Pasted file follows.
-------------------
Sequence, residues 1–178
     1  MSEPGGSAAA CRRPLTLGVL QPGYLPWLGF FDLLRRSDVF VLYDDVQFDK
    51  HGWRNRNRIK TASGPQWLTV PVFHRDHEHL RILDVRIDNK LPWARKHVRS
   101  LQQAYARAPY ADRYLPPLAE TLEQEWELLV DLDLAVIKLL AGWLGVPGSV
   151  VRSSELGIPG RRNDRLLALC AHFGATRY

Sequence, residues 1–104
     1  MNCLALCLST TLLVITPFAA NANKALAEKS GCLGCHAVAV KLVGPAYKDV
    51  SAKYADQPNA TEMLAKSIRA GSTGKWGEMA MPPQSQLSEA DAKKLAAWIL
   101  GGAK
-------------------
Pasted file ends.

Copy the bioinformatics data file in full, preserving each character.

Sequence, residues 1–178
     1  MSEPGGSAAA CRRPLTLGVL QPGYLPWLGF FDLLRRSDVF VLYDDVQFDK
    51  HGWRNRNRIK TASGPQWLTV PVFHRDHEHL RILDVRIDNK LPWARKHVRS
   101  LQQAYARAPY ADRYLPPLAE TLEQEWELLV DLDLAVIKLL AGWLGVPGSV
   151  VRSSELGIPG RRNDRLLALC AHFGATRY

Sequence, residues 1–104
     1  MNCLALCLST TLLVITPFAA NANKALAEKS GCLGCHAVAV KLVGPAYKDV
    51  SAKYADQPNA TEMLAKSIRA GSTGKWGEMA MPPQSQLSEA DAKKLAAWIL
   101  GGAK